When you’re trying to figure out the best plan for your business, someone is bound to suggest that you form a limited liability company. Is that really the best idea?
Like most things in the law, the answer is, “It depends.”
Limited liability companies (LLCs) have a lot of advantages — but they also have some drawbacks. Before you decide on a course of action, you need to understand both.
LLCs offer the following decisions:
- It limits your personal liability from creditors if there are financial problems with the business
- It allows for a very flexible management style
- Owners can avoid extra taxation when profits are distributed
- You will have an easier time distributing the profits in varying amounts according to contributions
- It allows for better protection of your personal privacy
- They’re good vehicles for holding assets like real estate and stocks
- Compliance provisions are very slight
Essentially, LLCs are the most flexible business arrangement you can have with multiple owners. They allow you to customize your business right in your operating agreement. They’re also enduring. You don’t need to worry about the business entity surviving the passing of an owner or the sale of some shares.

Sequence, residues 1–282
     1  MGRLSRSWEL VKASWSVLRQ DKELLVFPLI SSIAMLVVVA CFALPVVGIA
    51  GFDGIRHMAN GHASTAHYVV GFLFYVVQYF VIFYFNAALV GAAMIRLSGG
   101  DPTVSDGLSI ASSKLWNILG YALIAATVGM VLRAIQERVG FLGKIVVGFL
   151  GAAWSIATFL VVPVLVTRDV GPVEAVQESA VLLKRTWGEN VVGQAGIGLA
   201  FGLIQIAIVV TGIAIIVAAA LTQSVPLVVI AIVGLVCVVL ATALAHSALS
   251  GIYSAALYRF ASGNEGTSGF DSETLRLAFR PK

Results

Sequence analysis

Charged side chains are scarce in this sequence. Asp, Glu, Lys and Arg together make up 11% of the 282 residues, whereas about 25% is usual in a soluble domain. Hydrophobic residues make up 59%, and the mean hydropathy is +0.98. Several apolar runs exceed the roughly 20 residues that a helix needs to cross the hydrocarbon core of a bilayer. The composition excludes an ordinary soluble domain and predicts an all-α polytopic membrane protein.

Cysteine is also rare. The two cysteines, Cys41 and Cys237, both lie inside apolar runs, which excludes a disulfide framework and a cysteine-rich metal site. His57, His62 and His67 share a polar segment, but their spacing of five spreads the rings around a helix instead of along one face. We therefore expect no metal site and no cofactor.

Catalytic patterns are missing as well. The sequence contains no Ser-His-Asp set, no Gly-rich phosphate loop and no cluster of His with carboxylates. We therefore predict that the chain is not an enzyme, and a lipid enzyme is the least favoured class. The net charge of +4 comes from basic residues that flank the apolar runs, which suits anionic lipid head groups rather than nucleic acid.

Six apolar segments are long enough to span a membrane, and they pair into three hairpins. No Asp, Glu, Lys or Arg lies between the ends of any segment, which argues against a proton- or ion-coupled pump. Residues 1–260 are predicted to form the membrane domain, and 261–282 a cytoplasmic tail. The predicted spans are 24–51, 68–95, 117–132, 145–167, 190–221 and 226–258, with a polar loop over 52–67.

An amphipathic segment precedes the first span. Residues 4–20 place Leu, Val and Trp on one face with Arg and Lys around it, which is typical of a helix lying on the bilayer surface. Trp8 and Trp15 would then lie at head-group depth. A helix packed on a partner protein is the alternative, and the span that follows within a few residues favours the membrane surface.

LLCs do have some disadvantages:
- Profits are reported to the individual taxes of shareholders and owners. That means paying taxes at self-employment rates. Not everyone may appreciate that — it’s best to consult with a tax professional before you make a final decision.
- You may have a harder time engaging investors because of those tax consequences
- Some people don’t like the loose structure of LLCs because it can result in more operational conflicts
You can negate some of an LLC’s drawbacks by careful planning. Operational issues, for example, can be minimized with an operating agreement that anticipates growing pains in the company and addresses conflict resolution procedures.
Ultimately, there’s no automatically “right” vehicle for your business — there’s only what’s right for you
Source: allBusiness, “Pros and Cons of a Limited Liability Company (LLC),” accessed April 20, 2018